- Discipline. To thrive in a melee at sea requires stouthearted individuals. The best warfighters possess tenacity and a stubborn determination to persevere against hardships and long odds to achieve objectives. This requires mental toughness and physical strength. Discipline enables the unification of individuals to achieve a common goal. Environs of the sea compel warriors to work together to survive and win.
- Technical Competence. Complex equipment and systems must be safely operated and well maintained. The maritime environment is hostile. Machines are constantly battered with salts, pollution, marine life, pounding waves and winds. Preventive maintenance extends the life of equipment and prevents failures. Every position in the Navy has basic skills and tasks that must be mastered to be effective in combat.
- Creativity. The American spirit of ingenuity is a significant advantage our Navy has over other navies. Tactical creativity does not emerge in combat unless it is nurtured and rewarded in peacetime. Pragmatic innovation from the deckplates has been and must remain a trademark. Viewed as a formidable weapon, the enterprising nature of American Sailors must be exploited to the fullest extent possible.
- Initiative. In war leaders are charged with exploiting initiative to advance the plan. This could be as complex as recognizing that a potential adversary’s actions indicate an attack or it could be as simple as a deck officer notifying his captain that he maneuvered to avoid a collision. Victory at sea depends on initiative, tempered by calculated risks and sound judgment. In the fog of war decisions must be made quickly with incomplete information. With lives at risk this requires a clear understanding of commander’s intent and tremendous self-confidence.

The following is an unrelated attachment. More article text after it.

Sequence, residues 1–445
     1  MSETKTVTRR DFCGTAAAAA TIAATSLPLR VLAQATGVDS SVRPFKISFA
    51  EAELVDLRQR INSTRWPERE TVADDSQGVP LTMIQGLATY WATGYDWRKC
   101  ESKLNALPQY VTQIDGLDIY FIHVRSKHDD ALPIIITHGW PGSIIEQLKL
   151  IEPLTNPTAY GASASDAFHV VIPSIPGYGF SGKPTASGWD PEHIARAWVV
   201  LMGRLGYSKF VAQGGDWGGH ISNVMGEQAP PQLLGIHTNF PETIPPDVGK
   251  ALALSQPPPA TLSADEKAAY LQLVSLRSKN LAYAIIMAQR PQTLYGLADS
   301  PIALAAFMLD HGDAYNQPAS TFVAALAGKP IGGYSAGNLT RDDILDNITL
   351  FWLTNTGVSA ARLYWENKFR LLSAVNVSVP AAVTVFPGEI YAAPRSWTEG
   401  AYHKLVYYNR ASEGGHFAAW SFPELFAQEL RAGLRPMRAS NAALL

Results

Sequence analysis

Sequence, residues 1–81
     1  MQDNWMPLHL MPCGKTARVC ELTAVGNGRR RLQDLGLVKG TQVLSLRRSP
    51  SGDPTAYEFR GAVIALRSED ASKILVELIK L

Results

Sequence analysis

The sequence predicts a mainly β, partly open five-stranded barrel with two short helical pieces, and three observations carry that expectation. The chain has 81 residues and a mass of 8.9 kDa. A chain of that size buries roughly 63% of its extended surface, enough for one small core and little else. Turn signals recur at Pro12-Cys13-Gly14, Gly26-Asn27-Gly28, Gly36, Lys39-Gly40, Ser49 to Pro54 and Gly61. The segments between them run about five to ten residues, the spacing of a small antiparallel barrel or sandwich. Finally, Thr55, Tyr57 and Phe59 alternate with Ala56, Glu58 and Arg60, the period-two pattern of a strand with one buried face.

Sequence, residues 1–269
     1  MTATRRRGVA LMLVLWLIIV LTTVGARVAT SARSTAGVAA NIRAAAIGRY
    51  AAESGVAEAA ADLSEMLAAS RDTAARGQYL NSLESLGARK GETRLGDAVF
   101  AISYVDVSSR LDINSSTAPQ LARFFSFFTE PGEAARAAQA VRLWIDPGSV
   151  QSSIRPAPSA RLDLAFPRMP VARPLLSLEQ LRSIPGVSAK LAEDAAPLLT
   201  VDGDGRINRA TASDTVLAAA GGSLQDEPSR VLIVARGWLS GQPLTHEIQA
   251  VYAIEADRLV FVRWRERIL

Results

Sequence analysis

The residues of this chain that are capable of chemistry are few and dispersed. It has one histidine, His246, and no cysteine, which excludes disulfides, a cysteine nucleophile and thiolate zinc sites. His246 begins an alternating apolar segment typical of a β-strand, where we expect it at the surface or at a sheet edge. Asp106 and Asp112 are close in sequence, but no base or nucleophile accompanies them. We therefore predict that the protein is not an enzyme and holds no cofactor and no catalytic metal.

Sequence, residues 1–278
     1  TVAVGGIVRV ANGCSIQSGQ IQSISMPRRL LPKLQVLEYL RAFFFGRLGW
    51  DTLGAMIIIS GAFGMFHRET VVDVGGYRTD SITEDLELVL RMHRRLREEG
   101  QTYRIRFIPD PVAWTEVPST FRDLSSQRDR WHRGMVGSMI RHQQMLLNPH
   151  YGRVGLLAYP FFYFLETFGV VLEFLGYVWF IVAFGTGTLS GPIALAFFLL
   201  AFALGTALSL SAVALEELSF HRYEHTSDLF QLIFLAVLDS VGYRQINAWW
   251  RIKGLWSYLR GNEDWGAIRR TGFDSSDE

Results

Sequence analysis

Despite the fact that the Navy Special Warfare community is very different from other maritime forces, the SEAL ethos statement does a superb job of describing at an individual level, the warrior spirit.
“In times of war or uncertainty there is a special breed of warrior ready to answer our Nation’s call. A common man with an uncommon desire to succeed. Forged by adversity, he stands alongside America’s finest special operations forces to serve his country, the American people, and protect their way of life. I am that man… We train for war and fight to win… I will not fail.”